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To The Pongo

William Keith Eltham (1886–1916)

Gifted at an early age, Keith performed on stage as a soloist at age nine. He also displayed talents as a writer and artist, and as a cricketer, twice representing Tasmania against England.
At the outbreak of war Keith enlisted, and was allotted to the 9th Battery, Australian Field Artillery. He left Tasmania with the first contingent. Within weeks of arriving Keith received a shrapnel wound to his mouth. Following his commission to the rank of Lieutenant he was again wounded in action and evacuated to London for treatment.
Keith returned to the front line in time for Christmas in the trenches. Eight days later he was catching up on much needed sleep when a shell hit the roof of his dugout. Lt. Keith Eltham died instantly. He was buried later that night at a nearby cemetery.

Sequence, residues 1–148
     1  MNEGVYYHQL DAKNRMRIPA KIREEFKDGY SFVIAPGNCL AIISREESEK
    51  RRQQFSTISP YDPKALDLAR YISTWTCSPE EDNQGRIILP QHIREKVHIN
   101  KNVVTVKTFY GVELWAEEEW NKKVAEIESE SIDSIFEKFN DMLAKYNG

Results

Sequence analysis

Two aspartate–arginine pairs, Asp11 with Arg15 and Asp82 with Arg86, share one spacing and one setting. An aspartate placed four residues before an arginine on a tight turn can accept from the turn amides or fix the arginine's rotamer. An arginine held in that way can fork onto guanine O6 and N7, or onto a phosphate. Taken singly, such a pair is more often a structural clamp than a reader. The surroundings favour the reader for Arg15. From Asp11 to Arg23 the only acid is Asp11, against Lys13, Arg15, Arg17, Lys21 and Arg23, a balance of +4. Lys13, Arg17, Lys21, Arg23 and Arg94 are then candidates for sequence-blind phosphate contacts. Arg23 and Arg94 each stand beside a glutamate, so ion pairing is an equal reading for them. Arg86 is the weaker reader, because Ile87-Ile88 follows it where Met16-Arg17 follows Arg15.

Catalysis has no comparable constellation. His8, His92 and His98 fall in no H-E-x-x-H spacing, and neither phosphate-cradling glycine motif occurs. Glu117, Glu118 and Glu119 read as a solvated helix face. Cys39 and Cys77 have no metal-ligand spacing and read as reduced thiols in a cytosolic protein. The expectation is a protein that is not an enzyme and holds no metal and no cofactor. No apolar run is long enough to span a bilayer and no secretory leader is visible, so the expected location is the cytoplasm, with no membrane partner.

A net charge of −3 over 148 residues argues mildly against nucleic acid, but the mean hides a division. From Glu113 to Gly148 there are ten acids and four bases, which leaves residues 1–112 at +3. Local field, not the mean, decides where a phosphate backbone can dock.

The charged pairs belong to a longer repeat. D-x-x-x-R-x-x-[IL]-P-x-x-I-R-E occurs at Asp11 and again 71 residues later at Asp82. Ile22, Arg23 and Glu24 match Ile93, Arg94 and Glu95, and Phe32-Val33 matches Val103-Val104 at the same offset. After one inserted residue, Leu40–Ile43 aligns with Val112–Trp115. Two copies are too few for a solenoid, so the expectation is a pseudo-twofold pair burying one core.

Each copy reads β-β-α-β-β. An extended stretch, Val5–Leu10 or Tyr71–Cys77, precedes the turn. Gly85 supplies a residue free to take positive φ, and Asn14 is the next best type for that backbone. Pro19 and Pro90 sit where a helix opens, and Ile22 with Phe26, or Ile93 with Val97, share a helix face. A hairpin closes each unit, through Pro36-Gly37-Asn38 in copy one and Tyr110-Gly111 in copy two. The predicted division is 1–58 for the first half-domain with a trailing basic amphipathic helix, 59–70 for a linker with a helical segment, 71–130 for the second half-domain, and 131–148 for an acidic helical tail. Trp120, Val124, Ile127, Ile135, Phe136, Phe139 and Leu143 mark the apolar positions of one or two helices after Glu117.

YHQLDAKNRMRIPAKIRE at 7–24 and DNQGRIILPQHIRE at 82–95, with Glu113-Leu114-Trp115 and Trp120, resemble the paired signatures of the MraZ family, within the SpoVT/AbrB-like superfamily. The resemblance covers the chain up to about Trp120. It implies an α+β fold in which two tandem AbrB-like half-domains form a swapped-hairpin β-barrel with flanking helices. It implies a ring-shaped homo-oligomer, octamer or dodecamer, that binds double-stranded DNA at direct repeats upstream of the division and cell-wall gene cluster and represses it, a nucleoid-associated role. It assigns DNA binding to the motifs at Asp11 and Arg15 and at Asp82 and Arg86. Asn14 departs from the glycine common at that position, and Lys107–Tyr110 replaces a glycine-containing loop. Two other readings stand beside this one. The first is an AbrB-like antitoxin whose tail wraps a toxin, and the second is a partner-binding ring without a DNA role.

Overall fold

After the war William Keith Eltham’s body was re-interred at Guard’s Cemetery, Lesboeufs.  He had originally been buried in a small cemetery near Flers after being killed by a shell that fell into his dugout, killing him instantly.  Today there are 3,136 World War I casualties buried or commemorated at this site, located on the Somme in northern France.
After the war William Keith Eltham’s body was re-interred at Guard’s Cemetery, Lesboeufs. He had originally been buried in a small cemetery near Flers after being killed by a shell that fell into his dugout, killing him instantly. Today there are 3,136 World War I casualties buried or commemorated at this site, located on the Somme in northern France.

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